PROSPECTS FOR PAY EQUITY IN A CHANGING ECONOMY TABLE 1 Civilian Labor Force Participation Rates by Sex, Age, and Race, 1982 and Projected to 1995 Percentage Participation Rate Difference Labor Group 1982 1995 1982-1995 Men 76.6 76.1 - 0.5 16-24 72.6 74.5 + 1.9 16-19 56.7 62.9 +6.2 20-24 84.9 84.1 -0.8 25-54 94.0 93.4 -0.6 25-34 94.7 93.1 - 1.6 35~4 95.3 95.3 0.0 45-54 91.2 91.1 -0.1 55 and over 43.8 35.3 - 8.5 55-64 70.2 64.5 -5.7 65+ 17.8 13.3 -4.5 Women 52.6 60.3 +7.7 16-24 62.0 71.6 +9.6 16-19 51.4 58.2 +6.8 20-24 69.8 82.0 + 12.2 25-54 66.3 78.7 + 12.4 25-34 68.0 81.7 +13.7 35-44 68.0 82.8 + 14.8 45-54 61.6 69.5 +7.9 55 + 22.7 19.9 -2.8 55-64 41.8 42.5 +0.7 65 + ~ 7.9 7.0 -0.9 White 64.3 68.1 +3.8 Men 77.4 77.0 -0.4 16-24 74.9 79.1 +4.2 25-54 94.9 94.5 -0.4 55+ 44.2 35.6 -8.6 Women 52.4 60.0 +7.6 16-24 64.7 75.4 + 10.7 25-54 66.1 78.7 + 12.6 55+ 22.4 19.5 -2.9 Black and other 61.6 65.7 +4.1 Men 1.0 70.6 - 0.4 16-24 60.0 52.7 -7.3 25-54 88.0 87.2 -0.8 55 + 40.5 32.6 -7~9 Women 53.9 61.7 +7.8 16-24 48.8 55.3 +6.5 25-54 67.9 78.7 + 10.8 55 + 25.5 22.8 -2.7 Total, age 16+ 64.0 67.8 +3.8 SOURCE: Fullerton and Tschetter (1984:Table 1). 141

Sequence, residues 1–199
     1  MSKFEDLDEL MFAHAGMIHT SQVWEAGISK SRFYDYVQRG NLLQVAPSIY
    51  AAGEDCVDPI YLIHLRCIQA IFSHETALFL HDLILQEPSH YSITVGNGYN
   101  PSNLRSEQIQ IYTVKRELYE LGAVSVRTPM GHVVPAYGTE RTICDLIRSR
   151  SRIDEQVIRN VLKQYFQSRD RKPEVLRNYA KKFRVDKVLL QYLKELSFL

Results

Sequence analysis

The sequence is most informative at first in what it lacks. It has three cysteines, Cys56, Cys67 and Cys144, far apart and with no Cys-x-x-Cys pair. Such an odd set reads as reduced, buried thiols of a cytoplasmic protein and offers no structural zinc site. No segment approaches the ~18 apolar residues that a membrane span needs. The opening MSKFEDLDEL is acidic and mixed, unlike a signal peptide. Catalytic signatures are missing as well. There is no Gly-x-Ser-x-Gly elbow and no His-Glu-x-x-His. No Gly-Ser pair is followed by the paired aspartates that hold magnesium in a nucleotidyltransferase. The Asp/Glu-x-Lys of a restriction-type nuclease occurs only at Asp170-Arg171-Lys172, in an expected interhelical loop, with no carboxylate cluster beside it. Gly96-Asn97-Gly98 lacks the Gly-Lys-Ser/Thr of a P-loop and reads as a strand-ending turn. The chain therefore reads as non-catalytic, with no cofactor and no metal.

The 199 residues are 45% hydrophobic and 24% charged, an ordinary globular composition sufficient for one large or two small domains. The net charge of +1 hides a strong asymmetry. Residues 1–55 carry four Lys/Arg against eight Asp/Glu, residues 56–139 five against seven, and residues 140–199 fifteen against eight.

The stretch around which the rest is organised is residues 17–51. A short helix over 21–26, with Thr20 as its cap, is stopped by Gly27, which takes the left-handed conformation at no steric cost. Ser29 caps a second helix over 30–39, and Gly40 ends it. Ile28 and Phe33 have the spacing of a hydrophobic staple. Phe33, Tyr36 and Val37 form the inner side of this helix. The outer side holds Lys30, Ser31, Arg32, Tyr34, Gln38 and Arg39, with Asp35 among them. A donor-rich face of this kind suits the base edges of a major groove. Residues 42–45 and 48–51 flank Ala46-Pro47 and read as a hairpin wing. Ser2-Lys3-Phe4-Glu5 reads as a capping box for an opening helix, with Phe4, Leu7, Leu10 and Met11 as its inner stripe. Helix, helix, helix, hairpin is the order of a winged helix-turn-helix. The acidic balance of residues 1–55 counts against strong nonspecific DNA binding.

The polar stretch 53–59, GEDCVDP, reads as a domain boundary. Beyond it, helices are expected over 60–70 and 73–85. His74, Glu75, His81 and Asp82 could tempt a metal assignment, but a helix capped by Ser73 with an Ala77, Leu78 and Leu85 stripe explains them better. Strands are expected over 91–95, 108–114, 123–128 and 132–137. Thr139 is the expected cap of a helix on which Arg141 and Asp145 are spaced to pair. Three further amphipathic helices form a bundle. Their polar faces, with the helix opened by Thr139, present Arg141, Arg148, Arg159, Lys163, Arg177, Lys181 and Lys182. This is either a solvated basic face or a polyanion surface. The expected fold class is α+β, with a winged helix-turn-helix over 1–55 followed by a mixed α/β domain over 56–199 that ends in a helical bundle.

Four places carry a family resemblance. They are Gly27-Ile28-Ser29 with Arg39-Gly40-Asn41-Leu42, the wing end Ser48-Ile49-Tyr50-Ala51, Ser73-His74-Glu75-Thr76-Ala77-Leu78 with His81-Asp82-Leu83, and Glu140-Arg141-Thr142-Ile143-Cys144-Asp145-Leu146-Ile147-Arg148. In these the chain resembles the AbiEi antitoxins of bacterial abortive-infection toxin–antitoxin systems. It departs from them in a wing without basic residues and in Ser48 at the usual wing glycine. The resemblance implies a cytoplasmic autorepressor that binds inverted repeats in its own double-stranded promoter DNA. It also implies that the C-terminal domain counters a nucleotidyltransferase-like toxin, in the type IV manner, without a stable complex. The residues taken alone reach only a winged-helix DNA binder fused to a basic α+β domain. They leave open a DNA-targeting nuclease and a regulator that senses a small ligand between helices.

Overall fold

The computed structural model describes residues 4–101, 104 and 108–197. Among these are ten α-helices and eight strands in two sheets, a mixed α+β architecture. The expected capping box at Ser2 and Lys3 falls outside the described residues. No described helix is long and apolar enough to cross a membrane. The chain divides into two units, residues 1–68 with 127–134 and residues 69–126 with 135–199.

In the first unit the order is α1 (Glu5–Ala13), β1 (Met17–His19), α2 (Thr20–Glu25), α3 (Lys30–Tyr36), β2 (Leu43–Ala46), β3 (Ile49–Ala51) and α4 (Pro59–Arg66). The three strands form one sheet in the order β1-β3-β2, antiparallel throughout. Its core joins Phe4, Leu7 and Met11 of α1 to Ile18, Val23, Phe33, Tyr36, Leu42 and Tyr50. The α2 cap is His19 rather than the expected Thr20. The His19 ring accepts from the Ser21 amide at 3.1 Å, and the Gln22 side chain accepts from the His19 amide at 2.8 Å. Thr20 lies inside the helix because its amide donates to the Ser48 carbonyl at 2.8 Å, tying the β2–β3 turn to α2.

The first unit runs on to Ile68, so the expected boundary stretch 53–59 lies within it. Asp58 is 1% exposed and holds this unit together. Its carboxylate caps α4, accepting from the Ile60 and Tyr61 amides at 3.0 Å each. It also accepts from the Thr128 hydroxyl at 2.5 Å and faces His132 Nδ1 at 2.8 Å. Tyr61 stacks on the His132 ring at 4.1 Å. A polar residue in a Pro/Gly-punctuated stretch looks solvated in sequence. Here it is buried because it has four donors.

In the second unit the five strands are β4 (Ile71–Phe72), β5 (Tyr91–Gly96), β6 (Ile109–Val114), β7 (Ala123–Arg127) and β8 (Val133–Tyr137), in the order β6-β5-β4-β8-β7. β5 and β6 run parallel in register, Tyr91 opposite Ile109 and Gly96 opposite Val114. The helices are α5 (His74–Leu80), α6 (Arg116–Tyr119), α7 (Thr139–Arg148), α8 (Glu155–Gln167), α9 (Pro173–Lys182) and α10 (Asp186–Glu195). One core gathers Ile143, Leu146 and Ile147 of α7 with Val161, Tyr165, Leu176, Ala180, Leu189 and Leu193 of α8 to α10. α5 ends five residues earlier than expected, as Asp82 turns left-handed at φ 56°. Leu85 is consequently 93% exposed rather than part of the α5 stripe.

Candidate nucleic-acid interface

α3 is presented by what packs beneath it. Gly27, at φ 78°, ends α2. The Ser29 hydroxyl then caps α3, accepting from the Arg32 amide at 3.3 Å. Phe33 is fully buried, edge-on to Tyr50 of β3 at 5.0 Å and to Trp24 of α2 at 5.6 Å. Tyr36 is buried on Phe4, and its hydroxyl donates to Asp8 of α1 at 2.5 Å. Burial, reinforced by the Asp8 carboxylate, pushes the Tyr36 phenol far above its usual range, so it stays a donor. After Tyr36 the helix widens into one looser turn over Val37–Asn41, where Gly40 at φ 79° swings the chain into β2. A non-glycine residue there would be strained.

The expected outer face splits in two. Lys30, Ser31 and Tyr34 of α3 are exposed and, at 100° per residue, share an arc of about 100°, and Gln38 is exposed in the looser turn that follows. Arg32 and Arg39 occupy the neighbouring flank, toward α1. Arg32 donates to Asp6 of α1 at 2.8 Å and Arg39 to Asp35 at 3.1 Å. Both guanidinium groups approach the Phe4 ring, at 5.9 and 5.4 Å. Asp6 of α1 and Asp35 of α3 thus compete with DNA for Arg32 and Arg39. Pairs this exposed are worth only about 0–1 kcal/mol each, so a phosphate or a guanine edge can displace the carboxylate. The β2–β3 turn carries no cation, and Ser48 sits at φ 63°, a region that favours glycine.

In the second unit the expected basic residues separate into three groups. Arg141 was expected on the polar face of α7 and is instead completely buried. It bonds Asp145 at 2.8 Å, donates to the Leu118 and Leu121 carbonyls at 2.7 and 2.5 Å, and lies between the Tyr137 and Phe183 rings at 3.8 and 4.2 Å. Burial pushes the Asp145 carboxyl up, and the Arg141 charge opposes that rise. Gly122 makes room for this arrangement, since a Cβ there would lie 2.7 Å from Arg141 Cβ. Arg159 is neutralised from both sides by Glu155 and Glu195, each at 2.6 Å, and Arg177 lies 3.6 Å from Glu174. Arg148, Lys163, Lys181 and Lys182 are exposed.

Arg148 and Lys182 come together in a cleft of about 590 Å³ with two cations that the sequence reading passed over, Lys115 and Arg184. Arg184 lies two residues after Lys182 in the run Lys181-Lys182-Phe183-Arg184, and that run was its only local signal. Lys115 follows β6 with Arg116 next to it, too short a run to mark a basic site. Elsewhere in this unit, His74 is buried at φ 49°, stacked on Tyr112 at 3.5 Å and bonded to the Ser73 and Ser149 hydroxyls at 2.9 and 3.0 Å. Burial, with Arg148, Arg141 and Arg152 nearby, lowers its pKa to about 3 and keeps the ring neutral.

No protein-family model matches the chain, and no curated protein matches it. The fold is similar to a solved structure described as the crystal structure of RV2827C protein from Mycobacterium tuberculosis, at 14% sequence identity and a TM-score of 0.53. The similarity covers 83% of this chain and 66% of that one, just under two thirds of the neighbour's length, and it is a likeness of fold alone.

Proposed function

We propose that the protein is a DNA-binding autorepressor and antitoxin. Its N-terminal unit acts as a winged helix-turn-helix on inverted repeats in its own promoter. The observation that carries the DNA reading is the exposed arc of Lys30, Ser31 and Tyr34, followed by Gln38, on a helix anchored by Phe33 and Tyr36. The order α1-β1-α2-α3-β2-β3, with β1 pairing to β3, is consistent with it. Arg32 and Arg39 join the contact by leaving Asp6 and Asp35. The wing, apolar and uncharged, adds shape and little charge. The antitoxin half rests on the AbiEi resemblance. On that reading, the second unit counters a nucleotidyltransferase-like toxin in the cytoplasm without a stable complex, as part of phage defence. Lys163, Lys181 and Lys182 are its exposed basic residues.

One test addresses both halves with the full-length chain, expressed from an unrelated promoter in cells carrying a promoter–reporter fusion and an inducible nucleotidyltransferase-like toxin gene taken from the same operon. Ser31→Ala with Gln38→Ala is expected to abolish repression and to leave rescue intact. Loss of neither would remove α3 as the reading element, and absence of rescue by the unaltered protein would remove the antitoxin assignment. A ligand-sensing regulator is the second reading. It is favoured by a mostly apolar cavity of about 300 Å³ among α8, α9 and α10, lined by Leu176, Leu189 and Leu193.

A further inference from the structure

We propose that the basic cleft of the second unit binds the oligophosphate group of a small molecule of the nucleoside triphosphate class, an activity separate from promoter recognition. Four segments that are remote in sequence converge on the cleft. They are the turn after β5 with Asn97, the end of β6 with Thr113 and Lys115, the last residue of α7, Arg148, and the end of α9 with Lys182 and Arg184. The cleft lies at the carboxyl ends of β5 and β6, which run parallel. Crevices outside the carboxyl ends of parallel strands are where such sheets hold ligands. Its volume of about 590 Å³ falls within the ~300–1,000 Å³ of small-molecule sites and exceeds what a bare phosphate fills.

142 CAIN have been greatest), married women's labor force participation is expected to increase almost 20 percentage points from 61.6 percent in 1982 to 80.3 percent in 1995. Over the same period, the rate for unmamed (including single, divorced, widowed, and separated) women will increase only 6 percentage points, to 83.2 in 1995 (Fullerton and Tschetter, 19841. Thus, in less than 20 years, mamage and childbearing are expected to exert almost no inhibiting effect on women's participation in the labor force. Other changes in the household and family, especially the increase in single parenting, have implications for women's future labor force activity. In 1983, 59.6 percent of women with families worked, including 55.2 percent of women with children under age 6 (Johnson and Waldman, 1984~. Moreover, from 1970 to 1983, the number of female heads of household in the labor force doubled. According to Johnson and Waldman, the record numbers of marriages, divorces, and subsequent labor force entry during this period are, like other changes in the labor force, a function of the activities of the baby boom cohort. By the 1980s, "divorceeswho have the highest LFP [labor force participation] rate of any marital category had replaced widows (who have the lowest) as the largest group of women maintaining families" (Johnson end Waldman, 1984: 16~. The resulting composition of the labor force is shown in Table 2. With women accounting for nearly two-thirds of labor force growth, they are expected to increase their proportion of the labor force from 43 to 46 percent. Minority representation is expected to grow slightly, to 14 percent. The proportion of white men in the labor force is projected to decline by 4 percent by 1995. By 1983 their majority had already been eclipsed: they made up only 49.8 percent of the work force (Serrin, 1984~. The age structure of the labor force is also changing. As the baby boom cohort matures, prime-age workers will make up a larger share of the work force, and the median age of labor force participants will increase: from 34.8 years old in 1982 to 37.3 in 1995 (Fullerton and Tschetter, 19841. Simulta- neously, younger workers ages 16 to 24 (the baby bust cohort) will decline both in absolute numbers and proportionally. In addition, because of race and ethnic differences in fertility and age structure, blacks and other minori- ties will make up a greater fraction of the future youth work force. Immigration has also contributed to changes in labor force composition. Since the 1930s, immigration has increased fivefold, and in recent years the annual legal inflow has been about 2.2 immigrants per 1,000 population (Chiswick, 1982), an average of 400,000 people per year (Keely, 19791. Not only has the pace of immigration quickened in recent years, but its nature has changed as well. Since the late 1960s, nations in Asia, Latin America, and the Caribbean have become the most important countries of origin, accounting for61 percept ofimmigrants over the period 1971 to 1978